Drug discovery research is getting a boost at Vanderbilt University with the launch of the John A. Oates Institute for Experimental Therapeutics.
Experimental therapeutics is the very broad area of understanding how drugs work in the body, why not everyone responds to drugs the same way, and how we can use that information to make better use of the drugs we have and to develop new drugs, said Dan M. Roden, M.D., William Stokes Professor of Experimental Therapeutics and new director of the Oates Institute.
The science of drug action is familiar territory for Vanderbilt investigators, traditionally those in the Division of Clinical Pharmacology.
Vanderbilt is famous for Clinical Pharmacology, and that's largely due to the efforts of John Oates, who started the division and set the scientific standards and tone, Roden said.
Oates, Thomas F. Frist Professor of Medicine, is honored to have the new institute bear his name.
With the genetic revolution and the rapid advances in molecular science, this is a time of great opportunity for clinical investigation and for the Institute for Experimental Therapeutics, Oates said. I look forward to the discoveries that will be made in the institute and to its contributions that will bring safer and more effective therapies to our patients.
The Oates Institute will serve as a springboard for moving the study of drug action beyond the Division of Clinical Pharmacology into the general culture of the university, Roden said. The new institute will focus initially on three broad efforts: clinical pharmacology, lipid biology, and pharmacogenomics the science of using the genome to understand variability in drug action. In each of these areas, the Oates Institute will build on significant existing and emerging strengths at Vanderbilt.
Experimental therapeutics, broadly defined, is one of the areas of current expertise at Vanderbilt, and an area in which the school wants to continue and expand its intellectual investment, Roden said.
The idea of an Oates Institute has been many years in the making, and the time now is especially ripe for the commitment of space and funds for faculty recruitment, he added.
The institute will be well-positioned to take advantage of new scientific developments and new areas of scientific priority within the National Institutes of Health, Roden said, referring to initiatives aimed at translational research research that moves scientific findings from the laboratory bench into human beings.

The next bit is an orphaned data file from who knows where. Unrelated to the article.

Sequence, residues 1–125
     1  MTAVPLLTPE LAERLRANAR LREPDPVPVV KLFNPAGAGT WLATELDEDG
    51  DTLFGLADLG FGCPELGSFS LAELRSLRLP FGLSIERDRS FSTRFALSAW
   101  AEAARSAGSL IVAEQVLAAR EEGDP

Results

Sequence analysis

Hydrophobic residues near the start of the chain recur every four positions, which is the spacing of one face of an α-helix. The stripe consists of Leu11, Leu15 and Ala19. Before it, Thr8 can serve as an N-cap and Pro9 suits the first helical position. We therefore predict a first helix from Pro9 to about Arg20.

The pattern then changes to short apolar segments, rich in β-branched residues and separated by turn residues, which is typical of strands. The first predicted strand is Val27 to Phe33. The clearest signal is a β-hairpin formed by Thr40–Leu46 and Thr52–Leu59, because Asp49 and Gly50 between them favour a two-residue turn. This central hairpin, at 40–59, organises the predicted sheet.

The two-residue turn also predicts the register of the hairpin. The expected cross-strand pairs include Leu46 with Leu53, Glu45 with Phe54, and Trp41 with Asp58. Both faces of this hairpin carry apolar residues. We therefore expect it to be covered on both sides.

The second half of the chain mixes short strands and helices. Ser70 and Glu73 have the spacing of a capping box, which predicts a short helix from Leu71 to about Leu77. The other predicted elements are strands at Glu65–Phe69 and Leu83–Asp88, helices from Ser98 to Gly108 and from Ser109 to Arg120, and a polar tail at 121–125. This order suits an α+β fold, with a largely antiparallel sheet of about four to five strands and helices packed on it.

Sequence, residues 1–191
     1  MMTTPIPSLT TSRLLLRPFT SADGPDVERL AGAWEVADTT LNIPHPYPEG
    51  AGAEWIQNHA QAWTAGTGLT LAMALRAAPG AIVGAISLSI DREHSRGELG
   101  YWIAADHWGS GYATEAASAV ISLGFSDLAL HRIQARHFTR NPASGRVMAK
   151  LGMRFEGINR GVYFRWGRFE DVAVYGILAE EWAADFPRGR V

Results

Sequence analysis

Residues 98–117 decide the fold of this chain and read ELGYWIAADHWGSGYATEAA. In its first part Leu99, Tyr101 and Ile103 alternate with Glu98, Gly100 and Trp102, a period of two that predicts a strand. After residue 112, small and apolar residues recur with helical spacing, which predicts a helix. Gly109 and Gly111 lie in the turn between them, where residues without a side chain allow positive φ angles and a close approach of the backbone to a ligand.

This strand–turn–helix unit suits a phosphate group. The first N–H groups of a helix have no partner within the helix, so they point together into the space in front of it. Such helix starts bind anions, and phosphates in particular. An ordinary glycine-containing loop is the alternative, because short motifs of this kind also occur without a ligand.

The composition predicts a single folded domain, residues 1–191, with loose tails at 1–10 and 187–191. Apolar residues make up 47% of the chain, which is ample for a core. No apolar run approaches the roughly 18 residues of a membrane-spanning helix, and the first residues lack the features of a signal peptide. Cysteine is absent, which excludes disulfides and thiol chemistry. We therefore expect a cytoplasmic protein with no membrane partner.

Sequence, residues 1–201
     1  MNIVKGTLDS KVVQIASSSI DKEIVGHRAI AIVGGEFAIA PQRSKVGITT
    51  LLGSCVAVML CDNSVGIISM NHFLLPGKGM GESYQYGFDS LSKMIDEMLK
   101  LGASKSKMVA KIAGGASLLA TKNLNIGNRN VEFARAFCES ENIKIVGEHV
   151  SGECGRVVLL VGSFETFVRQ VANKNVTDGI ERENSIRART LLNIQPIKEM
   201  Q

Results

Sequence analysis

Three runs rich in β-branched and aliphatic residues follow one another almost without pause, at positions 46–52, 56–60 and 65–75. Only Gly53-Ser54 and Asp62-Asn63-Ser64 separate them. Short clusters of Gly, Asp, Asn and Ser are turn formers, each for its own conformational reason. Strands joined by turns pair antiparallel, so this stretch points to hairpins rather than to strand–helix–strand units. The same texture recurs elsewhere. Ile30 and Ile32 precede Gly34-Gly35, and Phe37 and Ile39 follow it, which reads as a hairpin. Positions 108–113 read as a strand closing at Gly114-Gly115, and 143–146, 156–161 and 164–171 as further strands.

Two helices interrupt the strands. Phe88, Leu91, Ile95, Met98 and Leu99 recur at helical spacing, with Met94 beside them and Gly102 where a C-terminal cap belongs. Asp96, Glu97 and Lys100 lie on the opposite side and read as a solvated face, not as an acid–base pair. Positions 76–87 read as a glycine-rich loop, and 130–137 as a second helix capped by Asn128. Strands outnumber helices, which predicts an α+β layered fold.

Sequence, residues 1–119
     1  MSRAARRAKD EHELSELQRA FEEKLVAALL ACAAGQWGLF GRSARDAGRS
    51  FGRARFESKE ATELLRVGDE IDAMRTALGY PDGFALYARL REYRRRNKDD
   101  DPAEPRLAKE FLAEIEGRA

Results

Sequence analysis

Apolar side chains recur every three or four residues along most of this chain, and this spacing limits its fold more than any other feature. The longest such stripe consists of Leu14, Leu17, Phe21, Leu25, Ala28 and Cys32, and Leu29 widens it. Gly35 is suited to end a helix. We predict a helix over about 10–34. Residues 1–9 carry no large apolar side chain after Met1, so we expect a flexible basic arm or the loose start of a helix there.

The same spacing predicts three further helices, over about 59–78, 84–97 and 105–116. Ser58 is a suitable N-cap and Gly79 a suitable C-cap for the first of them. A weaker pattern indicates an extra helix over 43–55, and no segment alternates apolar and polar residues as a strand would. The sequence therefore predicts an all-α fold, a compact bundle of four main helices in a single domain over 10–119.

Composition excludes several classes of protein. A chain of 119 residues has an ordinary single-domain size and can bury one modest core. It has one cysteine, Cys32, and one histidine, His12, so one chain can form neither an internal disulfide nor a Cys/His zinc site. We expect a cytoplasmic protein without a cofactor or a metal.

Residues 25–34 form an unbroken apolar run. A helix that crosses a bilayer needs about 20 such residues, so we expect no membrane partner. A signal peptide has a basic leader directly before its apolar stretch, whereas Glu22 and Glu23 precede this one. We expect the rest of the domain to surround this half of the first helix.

Having an impact on human diseases through translational research is what all basic scientists dream of, said Heidi E. Hamm, Ph.D., Earl W. Sutherland Jr. Professor and Chair of Pharmacology.
The reality of making that happen is a very challenging and long course, and the Oates Institute will move Vanderbilt forward along that course. Hamm welcomes the joint recruiting efforts that will grow drug discovery efforts in both the Department of Pharmacology and the Oates Institute.
In turning his attention to building the new institute, Roden will step down as director of the Division of Clinical Pharmacology, a role he has served for 13 years. Jason D. Morrow, M.D., F. Tremaine Billings Professor of Medicine, will become director of Clinical Pharmacology on Jan. 1, 2005. Roden and Morrow will work closely together, since Clinical Pharmacology and its investigators will be key members of the new institute. Morrow also will lead the institute's Center for Lipid Biology.
It's an incredible time for both the division and the institute at Vanderbilt, Morrow said. The university has made a commitment that is unparalleled in terms of advancing experimental therapeutics at this institution.
I think it will become a model that the rest of the country will notice and consider themselves as the discipline of Clinical Pharmacology evolves, said Eric G. Neilson, M.D., Hugh J. Morgan Professor and Chair of Medicine. Dan has been in a planning phase for the institute for several years, and it is wonderful to see it all come together under his leadership.
The institute will provide an intellectual campfire for all those investigators who are interested in clinical pharmacology research, but hold appointments in other divisions, Neilson added. It will also serve as a training ground for the next generation of experimental therapeutics investigators.
I see the Oates Institute doing something that John Oates has done all of his career, and that is bringing young investigators into this very exciting field, with the best mentors they could ever have, and advancing their careers, said Steven G. Gabbe, M.D., dean of the School of Medicine.
We are fortunate that there's been a convergence of superb faculty and resources that make this an ideal time for establishing the Oates Institute, Gabbe said.©2013 Vanderbilt University Medical Center